Beth El to help explain what’s next for the Middle East. Mazel Tov to our capacity to continue to evolve as a people and to rededicate ourselves to our traditions and our community. Will you be joining the First Tidewater Shabbat Project in Ghent? Do you feel like celebrating? We hope so. Gratitude is the foundation for all life abundance. Just thumb through this section and discover delicious vendors and services to create your next “Mazel Tov” event. May all your celebrations be joyful. Sherri Wisoff, Jewish News staff

16 | Jewish News | October 5, 2015 | Mazel Tov | jewishnewsva.org

About the cover: Photo of Iced Borscht from Affairs to Remember, a new cookbook by Sandy Axelrod that includes tips for easy entertaining. QR code generated on http://qrcode.littleidiot.be

Upcoming Special Features Issue Date

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Mazel Tov

Sprucing up the modern simcha process full of seen-it-befores or tried-thatonces. With the help of creative kosher catering professionals—or by simply lookf the words “kosher catering” ing within yourself—your special day can conjure up visions of bland and be one of a kind. By including yourself in the process of unhealthy food, and memories of creating (not just planning) your simcha, bar and bat mitzvahs past still haunt you, remember that planning your upcoming the event itself automatically creates a more simcha doesn’t have to be a monotonous personal feeling. One way to do this is by making invitations by hand, which allows control over color scheme, font, and design; you can make the invitation an extension of your celebration’s theme or personal interests. Imbuing the invitation with your personal style makes the atmosphere both more memorable and more meaningful. Rebecca Friedman of Asheville, NC-based Farmer’s Daughter Catering suggests crafting your own table centerpieces as a way to infuse personality into the event’s ambiance. She also mentions that many clients want to work with the party planner, rather than allowing the planner to have total control. Others may break from the traditional style of first having a cocktail hour and then a formal dinner for weddings, or from having separate meals for adults and kids. “When working with a client, I always ask them what they’re envisioning with regards to the flow of the celebration,” Ellen Vaknine, vice president of sales & marketing Soup shooters in egg shells from New York City kosher caterer by Diana Burmistrovich/JNS.org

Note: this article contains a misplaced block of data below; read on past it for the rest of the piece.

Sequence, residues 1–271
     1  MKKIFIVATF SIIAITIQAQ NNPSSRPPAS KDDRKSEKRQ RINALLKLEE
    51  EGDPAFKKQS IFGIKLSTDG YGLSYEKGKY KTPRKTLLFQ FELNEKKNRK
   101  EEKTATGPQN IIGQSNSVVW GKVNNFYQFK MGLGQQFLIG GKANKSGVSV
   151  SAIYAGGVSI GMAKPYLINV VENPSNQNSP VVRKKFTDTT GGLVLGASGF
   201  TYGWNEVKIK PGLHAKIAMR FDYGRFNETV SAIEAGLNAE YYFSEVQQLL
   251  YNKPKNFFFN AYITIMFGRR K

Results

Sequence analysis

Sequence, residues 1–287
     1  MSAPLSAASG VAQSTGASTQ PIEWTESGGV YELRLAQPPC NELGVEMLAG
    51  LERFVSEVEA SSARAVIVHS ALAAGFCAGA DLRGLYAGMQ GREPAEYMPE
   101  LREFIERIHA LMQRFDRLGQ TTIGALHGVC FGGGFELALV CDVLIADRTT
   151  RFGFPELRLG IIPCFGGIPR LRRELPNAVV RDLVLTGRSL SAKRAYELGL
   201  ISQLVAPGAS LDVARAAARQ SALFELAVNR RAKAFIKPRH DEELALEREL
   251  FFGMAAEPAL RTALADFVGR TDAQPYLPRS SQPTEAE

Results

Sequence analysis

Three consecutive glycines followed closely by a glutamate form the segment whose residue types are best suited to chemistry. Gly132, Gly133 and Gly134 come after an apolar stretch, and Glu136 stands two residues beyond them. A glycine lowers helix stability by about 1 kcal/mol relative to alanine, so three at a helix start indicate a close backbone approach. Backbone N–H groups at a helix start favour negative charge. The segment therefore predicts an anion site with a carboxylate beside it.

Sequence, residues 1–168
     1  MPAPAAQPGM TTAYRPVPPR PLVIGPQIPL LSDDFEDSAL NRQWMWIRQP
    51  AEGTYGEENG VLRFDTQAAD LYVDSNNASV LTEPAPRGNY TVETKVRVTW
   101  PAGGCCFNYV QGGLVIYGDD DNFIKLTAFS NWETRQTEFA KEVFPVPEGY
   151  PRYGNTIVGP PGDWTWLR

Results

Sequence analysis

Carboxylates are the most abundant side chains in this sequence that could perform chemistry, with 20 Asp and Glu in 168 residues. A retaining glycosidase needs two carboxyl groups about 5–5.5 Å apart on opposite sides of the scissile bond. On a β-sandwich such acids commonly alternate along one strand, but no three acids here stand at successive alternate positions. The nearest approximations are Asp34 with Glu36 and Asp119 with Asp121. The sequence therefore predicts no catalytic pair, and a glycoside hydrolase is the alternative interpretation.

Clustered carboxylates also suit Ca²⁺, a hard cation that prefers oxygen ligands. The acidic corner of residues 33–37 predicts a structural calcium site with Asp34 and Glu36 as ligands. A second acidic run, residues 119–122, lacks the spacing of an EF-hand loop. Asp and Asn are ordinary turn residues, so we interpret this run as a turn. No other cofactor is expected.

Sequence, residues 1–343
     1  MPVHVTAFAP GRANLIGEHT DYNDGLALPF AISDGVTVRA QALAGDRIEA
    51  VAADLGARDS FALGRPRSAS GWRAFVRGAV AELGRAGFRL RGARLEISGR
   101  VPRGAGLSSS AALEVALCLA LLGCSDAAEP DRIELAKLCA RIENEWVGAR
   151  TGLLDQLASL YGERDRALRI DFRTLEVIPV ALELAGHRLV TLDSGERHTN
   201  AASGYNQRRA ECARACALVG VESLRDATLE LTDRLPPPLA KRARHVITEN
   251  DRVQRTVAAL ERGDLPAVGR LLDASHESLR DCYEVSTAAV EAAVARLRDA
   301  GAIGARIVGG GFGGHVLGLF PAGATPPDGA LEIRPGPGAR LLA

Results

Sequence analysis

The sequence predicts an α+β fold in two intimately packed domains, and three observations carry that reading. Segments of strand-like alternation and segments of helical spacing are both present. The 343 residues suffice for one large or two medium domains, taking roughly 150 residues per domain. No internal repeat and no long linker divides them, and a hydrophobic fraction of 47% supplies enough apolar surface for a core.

Tiny ice cream sundaes make for passable treats to save sit-down time at your simcha. Credit: Farmer’s Daughter Catering.

for New York City’s Espirit Events kosher caterer, says. Vaknine notes that she is seeing more people “opt for the extended cocktail [hour] with passed hors d’oeuvres and stations,” without having a formal sit-down dinner. That way, children, young adults, and adults have the option of spending more time together, and kids don’t have to face the ubiquitous schnitzel and pigs-in-ablanket offered at so many simchas. Even for the parents who do choose to have “kid food,” Vaknine suggests updating the presentation with funky touches. Soup can be served in eggshell bowls, and kebob skewers can be made from bamboo. Customizing menus to include today’s culinary trends is another way to modernize an event. Friedman—who specializes in catering using only organic and local ingredients, and typically provides farmto-table food options—notes the growing trend in using vegan, gluten-free, soy-free,

and dairy-free foods as part of the simcha menu. “Although kosher food is usually unhealthy, it is slowly getting on board with foods that are more environmentally friendly and healthier,” says Friedman. “I’ve had a bride who grew her own herbs and greens to incorporate into my catering menu. It took a year in advance [to plan], but everyone remembered that part.” Friedman suggests looking into old family recipes that can be used as part of the catering menu. That will create a catering menu that many guests haven’t seen before, and relatives will enjoy the sentiment. Whether it is through personalizing decorations or bypassing traditional kosher fare, party planning doesn’t have to be dreaded and stressful. With just a little bit of creativity, and by recognizing exactly what you want for your special day, you can make your dream simcha a reality.

Espirit Events. Credit: Ellen Vaknine.

Jewishnewsva.org | Mazel Tov | October 5, 2015 | Jewish News | 17

Mazel Tov Op-Ed

L’Chaim to marriage equality, but our work isn’t finished by Idit Klein

BOSTON (JTA)—Four years ago, I stood under a chuppah with the woman I was about to marry overlooking a valley in Massachusetts. I have an emotional memory of sweetness and joy from my wedding day, but I can’t recall many specific moments. What I do remember vividly is the end of our ceremony, when Rabbi Sharon Cohen Anisfeld declared, “I’ve said this many times before as an act of civil disobedience, but today it gives me great joy to say as an act of civil obedience: According to the laws of the Commonwealth of Massachusetts, I now pronounce you married.” I still feel sudden elation when I remember that moment and surprise that it mattered as much as it did. It mattered that my marriage was seen as valid and equal